Photo: Clemens Bilan - Pool/Getty Images

German Chancellor Angela Merkel has tested negative for COVID-19, her spokesperson said Monday, per AP.

The big picture: The 65-year-old went into self-quarantine Sunday after she learned that a doctor who had given her a pneumococcal infection vaccination tested positive for the illness. She will receive further testing in the coming days, according to the spokesperson.

Go deeper: Germany bans public gatherings of more than 2 people

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Updated Jul 10, 2020 - Health

U.S. coronavirus updates

Data: The COVID Tracking Project; Map: Andrew Witherspoon/Axios

South Carolina restaurants and bars will have to close alcohol sales by 11 p.m., beginning Saturday, under an order issued Friday by Gov. Henry McMaster.

The big picture: The U.S. had another record single-day spike of 63,200 new coronavirus cases from Thursday. COVID-19 cases in South Carolina have increased, with 21,560 cases recorded in the last two weeks.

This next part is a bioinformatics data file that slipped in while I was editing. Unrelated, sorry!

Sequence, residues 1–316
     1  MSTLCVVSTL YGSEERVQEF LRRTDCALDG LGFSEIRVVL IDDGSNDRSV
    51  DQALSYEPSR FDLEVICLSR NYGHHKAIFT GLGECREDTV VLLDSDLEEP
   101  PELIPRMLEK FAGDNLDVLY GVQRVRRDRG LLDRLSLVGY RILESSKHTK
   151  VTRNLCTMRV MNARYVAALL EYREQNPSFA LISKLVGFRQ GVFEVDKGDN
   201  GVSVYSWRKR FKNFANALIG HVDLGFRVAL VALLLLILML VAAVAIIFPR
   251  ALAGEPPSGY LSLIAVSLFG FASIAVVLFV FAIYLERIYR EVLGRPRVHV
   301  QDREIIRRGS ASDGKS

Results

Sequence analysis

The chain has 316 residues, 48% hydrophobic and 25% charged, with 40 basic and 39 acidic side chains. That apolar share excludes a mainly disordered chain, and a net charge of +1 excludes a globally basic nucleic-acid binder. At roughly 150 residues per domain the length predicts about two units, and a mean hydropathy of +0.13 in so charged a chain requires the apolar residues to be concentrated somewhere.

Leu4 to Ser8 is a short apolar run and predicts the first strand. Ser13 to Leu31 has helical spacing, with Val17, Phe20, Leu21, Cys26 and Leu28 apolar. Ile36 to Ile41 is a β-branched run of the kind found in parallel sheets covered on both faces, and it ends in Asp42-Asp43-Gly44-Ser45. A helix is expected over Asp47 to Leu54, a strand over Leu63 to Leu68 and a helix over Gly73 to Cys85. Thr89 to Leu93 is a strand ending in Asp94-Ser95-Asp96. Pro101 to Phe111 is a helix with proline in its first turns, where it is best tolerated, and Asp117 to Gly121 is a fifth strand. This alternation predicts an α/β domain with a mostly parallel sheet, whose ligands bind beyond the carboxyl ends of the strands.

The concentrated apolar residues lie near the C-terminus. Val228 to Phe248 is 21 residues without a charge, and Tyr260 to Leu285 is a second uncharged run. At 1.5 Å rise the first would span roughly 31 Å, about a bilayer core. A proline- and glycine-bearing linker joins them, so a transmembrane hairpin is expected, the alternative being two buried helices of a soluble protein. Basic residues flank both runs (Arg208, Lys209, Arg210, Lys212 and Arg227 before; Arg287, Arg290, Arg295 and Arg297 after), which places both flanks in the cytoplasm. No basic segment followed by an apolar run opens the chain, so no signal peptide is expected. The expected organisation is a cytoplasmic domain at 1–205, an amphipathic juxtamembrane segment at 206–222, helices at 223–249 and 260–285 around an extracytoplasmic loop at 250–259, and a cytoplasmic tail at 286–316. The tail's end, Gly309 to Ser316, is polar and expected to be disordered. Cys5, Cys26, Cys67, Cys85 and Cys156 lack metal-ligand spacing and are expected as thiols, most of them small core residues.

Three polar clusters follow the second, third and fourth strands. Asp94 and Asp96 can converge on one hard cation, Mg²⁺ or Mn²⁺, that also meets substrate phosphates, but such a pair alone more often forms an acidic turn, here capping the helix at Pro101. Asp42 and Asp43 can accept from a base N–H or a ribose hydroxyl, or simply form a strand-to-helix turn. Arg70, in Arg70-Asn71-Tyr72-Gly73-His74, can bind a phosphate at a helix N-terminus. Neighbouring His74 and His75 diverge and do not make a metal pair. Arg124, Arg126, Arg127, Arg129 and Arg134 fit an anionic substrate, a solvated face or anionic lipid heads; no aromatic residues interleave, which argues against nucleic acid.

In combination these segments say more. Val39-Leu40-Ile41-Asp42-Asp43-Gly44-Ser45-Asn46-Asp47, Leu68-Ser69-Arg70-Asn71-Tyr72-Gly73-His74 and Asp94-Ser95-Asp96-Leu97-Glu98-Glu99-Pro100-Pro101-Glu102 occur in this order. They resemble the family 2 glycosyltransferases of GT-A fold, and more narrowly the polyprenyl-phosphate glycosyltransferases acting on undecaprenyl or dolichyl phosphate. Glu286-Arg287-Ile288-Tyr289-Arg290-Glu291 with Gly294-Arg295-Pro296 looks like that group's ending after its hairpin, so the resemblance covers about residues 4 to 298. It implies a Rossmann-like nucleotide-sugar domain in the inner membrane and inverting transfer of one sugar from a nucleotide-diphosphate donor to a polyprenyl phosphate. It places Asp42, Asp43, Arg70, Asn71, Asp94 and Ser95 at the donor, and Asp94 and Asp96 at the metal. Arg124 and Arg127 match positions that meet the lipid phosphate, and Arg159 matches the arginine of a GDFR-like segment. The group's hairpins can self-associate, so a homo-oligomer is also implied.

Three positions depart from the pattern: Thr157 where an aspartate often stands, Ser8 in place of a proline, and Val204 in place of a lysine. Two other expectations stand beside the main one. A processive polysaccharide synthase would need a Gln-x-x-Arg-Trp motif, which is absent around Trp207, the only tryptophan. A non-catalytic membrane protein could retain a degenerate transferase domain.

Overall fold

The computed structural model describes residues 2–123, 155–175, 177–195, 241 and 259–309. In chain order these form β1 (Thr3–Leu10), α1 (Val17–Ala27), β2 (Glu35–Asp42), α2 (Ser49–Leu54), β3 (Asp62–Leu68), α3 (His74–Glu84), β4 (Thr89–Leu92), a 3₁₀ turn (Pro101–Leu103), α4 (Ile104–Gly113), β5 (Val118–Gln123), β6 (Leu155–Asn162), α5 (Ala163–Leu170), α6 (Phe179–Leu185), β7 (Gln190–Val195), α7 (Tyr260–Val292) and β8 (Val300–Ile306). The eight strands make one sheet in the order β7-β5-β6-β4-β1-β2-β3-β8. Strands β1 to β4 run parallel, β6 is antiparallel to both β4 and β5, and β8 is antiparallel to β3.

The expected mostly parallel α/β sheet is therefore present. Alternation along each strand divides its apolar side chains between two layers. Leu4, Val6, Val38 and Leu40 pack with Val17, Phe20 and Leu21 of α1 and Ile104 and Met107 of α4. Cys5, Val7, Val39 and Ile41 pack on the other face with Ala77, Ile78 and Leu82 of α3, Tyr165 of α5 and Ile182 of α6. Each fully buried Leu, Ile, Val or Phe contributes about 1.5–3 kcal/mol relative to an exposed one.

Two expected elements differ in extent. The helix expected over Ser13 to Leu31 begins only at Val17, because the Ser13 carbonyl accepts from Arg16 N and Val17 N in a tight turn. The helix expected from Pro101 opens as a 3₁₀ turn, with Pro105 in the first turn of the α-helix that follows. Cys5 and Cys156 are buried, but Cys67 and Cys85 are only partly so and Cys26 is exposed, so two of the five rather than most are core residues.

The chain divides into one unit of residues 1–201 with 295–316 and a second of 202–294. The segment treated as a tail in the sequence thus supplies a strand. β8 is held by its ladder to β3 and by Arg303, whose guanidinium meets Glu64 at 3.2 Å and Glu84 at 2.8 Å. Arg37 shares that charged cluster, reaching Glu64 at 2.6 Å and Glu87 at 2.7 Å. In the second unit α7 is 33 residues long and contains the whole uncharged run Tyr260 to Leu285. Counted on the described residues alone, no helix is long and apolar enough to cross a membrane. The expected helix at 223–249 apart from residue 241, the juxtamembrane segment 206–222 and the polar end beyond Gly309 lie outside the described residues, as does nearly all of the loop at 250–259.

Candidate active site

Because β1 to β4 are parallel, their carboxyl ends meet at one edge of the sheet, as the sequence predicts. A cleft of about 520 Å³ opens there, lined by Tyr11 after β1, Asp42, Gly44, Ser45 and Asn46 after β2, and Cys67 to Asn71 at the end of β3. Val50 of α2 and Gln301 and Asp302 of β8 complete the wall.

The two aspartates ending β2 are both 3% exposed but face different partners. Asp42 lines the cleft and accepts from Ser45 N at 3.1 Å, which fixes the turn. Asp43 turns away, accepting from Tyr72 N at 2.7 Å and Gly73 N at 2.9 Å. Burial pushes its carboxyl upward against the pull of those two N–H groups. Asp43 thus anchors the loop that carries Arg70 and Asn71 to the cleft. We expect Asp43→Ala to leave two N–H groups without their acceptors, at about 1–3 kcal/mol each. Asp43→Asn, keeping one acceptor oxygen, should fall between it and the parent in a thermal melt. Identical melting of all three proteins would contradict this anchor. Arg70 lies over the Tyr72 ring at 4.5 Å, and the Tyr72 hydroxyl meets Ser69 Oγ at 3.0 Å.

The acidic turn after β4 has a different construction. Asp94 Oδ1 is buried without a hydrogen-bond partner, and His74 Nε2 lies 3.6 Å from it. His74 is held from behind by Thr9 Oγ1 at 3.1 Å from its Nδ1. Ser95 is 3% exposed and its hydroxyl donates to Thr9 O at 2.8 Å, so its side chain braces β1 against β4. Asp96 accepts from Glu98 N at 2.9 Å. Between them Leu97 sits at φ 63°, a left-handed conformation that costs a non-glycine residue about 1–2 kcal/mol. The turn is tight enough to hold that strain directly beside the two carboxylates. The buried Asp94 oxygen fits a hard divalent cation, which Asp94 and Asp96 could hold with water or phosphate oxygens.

Jun 30, 2020 - Health

CDC expert warns U.S. has "way too much virus" to contain outbreak

CDC principal deputy director Anne Schuchat speaks during a February White House briefing as CDC director Robert Redfield, Vice President Mike Pence and President Trump look on. Photo: Chip Somodevilla/Getty Images

The novel coronavirus is spreading too widely and quickly to contain, CDC principal deputy director Anne Schuchat told The Journal of the American Medical Association Monday, warning she expects "this virus to continue to circulate."

Why it matters: Per Schuchat, "This is really the beginning, and what we hope is that we can take it seriously and slow the transmission." Her comments are in contrast to those of senior members of the Trump administration — notably Vice President Mike Pence, who said on Friday "we have made truly remarkable progress."

Jun 30, 2020 - Sports

How the NBA's "smart rings" work to assess coronavirus risk

Courtesy: Oura Ring

When play resumes a month from now at Walt Disney World, NBA players will have the option of wearing an Oura Ring.

Why it matters: The rings track heart and respiratory rate, as well as temperature and sleep patterns. The hope is that they can be an additional line of defense against the spread of COVID-19.